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The aim of this study was to investigate the influence of an oral propylene glycol (PG) administration on gene expression of major metabolic pathways in the liver of dairy cows. PG has been used over decades in the prevention and therapy of bovine ketosis although its
mode of action is still not understood completely. When investigating the mode of action of PG, earlier studies preferred to measure only the changes in blood concentrations of glucose, ketone bodies and other metabolites and therefore retrieved only indirect results on liver metabolism. In the present study, an Affymetrix microarray was used to investigate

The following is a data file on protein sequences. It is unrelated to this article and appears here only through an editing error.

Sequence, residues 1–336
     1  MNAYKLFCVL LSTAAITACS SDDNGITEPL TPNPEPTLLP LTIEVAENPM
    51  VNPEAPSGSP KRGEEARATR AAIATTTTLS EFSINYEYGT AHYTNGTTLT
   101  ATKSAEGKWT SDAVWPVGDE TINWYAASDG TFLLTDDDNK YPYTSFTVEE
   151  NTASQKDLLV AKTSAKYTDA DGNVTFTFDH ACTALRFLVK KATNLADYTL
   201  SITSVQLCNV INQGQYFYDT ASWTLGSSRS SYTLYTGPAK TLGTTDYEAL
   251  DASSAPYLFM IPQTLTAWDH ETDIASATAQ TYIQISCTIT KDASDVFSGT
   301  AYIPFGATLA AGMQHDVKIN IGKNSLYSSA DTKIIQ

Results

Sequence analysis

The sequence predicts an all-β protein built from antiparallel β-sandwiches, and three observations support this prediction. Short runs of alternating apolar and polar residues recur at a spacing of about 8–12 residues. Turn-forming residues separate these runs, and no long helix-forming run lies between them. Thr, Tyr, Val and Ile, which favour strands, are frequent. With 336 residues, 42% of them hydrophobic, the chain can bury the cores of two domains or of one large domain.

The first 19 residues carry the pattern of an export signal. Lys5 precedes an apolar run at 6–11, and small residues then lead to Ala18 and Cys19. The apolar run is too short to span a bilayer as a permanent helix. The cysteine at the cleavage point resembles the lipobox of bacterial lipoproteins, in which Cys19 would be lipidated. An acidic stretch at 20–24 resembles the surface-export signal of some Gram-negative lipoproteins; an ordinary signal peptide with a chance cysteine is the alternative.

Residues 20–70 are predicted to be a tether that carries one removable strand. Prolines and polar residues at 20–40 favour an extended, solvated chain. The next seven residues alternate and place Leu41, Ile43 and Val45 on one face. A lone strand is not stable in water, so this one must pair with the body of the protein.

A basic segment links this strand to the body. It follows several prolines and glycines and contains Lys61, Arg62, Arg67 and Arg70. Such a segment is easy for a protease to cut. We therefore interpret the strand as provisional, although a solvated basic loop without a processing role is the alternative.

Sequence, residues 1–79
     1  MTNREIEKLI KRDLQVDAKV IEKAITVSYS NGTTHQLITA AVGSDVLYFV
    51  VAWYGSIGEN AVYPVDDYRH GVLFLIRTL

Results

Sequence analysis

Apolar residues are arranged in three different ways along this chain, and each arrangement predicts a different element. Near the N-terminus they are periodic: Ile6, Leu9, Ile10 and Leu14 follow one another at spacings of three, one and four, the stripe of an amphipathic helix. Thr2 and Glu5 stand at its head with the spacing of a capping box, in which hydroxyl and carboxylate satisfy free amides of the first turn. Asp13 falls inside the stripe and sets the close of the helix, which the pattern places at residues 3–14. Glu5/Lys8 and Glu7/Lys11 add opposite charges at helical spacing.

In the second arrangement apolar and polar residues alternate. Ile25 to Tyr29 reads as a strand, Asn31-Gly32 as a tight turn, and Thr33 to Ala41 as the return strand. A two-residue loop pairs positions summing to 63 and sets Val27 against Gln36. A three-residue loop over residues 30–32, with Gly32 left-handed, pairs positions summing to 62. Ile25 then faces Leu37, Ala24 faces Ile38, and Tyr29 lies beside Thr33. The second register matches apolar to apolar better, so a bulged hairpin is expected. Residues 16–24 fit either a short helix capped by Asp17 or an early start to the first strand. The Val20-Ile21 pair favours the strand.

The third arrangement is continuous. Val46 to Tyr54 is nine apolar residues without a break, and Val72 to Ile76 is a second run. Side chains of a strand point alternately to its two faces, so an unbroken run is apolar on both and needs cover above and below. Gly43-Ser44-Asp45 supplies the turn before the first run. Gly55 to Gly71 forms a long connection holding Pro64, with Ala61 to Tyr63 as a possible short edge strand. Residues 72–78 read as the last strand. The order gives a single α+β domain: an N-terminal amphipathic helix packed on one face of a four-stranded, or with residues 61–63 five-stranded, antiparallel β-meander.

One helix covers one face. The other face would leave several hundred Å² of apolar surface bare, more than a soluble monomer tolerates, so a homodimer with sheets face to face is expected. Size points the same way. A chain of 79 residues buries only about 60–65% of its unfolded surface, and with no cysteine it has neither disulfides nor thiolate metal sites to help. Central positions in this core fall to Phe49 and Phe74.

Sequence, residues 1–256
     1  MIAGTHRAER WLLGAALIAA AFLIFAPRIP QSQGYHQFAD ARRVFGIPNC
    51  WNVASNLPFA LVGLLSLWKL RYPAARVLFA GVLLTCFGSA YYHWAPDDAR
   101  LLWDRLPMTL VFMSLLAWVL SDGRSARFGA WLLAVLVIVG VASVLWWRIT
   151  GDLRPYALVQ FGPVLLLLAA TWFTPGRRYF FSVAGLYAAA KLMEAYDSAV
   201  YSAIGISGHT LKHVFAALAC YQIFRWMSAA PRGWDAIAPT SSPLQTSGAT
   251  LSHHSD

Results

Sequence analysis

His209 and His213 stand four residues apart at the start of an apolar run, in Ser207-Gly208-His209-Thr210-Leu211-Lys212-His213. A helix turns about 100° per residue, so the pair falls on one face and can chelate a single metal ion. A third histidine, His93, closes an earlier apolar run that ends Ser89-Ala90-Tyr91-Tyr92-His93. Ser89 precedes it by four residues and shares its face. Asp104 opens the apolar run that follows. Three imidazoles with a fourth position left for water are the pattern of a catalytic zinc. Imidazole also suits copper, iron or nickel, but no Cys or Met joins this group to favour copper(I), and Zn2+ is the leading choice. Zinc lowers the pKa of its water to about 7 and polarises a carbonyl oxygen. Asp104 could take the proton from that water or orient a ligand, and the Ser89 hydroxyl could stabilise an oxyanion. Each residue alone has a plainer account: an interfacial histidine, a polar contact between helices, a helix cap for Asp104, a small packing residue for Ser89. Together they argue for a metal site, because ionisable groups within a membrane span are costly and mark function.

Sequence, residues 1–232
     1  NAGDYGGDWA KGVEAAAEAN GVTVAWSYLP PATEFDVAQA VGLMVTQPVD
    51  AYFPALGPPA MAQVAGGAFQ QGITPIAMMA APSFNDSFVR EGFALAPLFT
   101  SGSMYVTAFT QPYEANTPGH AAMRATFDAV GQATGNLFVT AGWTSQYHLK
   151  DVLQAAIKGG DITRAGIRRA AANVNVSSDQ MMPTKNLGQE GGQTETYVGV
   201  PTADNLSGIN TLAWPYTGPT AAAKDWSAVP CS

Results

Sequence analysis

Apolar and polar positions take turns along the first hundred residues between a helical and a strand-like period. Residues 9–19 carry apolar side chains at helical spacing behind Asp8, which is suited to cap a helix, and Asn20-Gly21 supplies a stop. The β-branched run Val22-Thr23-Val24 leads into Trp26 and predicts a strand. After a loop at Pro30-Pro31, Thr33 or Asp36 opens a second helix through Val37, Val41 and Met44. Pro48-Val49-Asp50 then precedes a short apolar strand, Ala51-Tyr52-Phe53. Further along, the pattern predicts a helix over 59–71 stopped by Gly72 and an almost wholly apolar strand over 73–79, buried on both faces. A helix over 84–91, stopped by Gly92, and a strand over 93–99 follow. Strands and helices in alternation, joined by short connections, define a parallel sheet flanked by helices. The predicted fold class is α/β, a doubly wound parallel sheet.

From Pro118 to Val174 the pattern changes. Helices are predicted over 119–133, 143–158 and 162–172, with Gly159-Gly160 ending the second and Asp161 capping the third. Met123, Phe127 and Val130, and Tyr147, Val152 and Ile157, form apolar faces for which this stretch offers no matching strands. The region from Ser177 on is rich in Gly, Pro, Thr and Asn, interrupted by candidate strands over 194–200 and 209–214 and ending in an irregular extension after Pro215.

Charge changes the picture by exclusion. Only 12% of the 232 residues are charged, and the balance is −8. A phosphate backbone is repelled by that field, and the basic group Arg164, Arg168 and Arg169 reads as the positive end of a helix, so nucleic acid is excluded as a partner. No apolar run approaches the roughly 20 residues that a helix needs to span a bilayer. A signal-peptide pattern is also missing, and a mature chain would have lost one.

genome-wide gene expression in bovine liver. Fresh lactating Holstein dairy cows were randomly assigned to three treatment groups. Control group (CON), PGF1 group (300 g/day PG as total mixed ration [TMR]) or PGD (300 g/day PG as TMR and additionally 512 g PG (500 ml PG mixed into 10 l water) as Drench at d 10 post partum [pp.]). Cows received PG supplementation from day 1 until day 40 pp. They had ad libitum access to TMR and water. In the first part of the study, liver biopsies were collected from cows in CON1, PGF1 and PGD on day 10 pp. (10 cows per group; 2 hours after drenching). In the second part of this study blood samples were taken from 15 cows of a CON2 and PGF2 group on day 1, 4, 10, 20, 40, and 70 pp. for analysis of sterol concentration in the serum. Liver tissue mRNA was extracted and reverse transcribed using the Affymetrix protocol. cRNA probes were labeled, fragmented and hybridized to the bovine oligonucleotide microarray (Affymetrix). The raw data was processed and analyzed using Bioconductor and the statistical software R. The statistical analysis of predefined sets of genes showed an upregulation of genes encoding for enzymes of the cholesterol biosynthesis pathway on day 10 pp. The results from qRT-PCR experiments on the same samples verified a simultaneous up-regulation of two genes encoding for two key enzymes of the cholesterol biosynthesis (hydroxymethylglutaryl-CoA reductase and squalene monooxygenase). To prove that upregulation of genes belonging to the cholesterol synthesis pathway is functionally relevant, the concentration of cholesterol, as well as the concentrations of its precursors lanosterol and desmosterol, were measured in blood. For all three sterols, concentrations were significantly elevated after PG feeding on day 20 post partum. Stimulation of endogenous de novo synthesis can be assumed as the origin of the measured increase in serum cholesterol because the TMR was demonstrably free of cholesterol. Elevated levels of lanosterol and desmosterol also point towards an increased endogenous synthesis due to PG feeding. Cholesterol biosynthesis has never received focused attention in cattle in connection with propylene glycol feeding. Transcriptional regulation of cholesterol synthesis is in the liver of ruminants is a completely new observation and should be kept in mind when using PG as feed additive in early lactation. In humans, cholesterol synthesis is, among others, regulated by phytosterol concentration. The influence of phytosterols on cholesterol synthesis in the liver of cattle has not been investigated in detail until today. Phytosterols are common components of plants, and food of cattle contains phytosterols in high concentrations. In this study, for the first time, serum concentration of the phytosterols brassicasterol, campesterol, sitosterol and stigmasterol were measured in cattle (CON2 and PGF2). Despite the equal concentration of phytosterols in both rations, the serum concentrations of phytosterols were elevated on day 10 and 20 pp. after PG administration. This could suggest that PG not only promotes the cholesterol synthesis in liver tissue of cattle, but may also have an additional influence on sterol transport in the gut. As a conclusion, the fact that cholesterol synthesis in the liver of cattle is regulated by PG could provide an explanation for the better suitability of PG in treatment and prevention of bovine ketosis compared to other glucogenic substances. Cholesterol synthesis is on the one hand a ketone body utilizing pathway and on the other hand generates cholesterol for lipoprotein and milk fat synthesis. This study shows for the first time, that PG feeding upregulates cholesterol synthesis in the liver in a transcriptional way, the underlying mechanism of this regulation requires further investigation.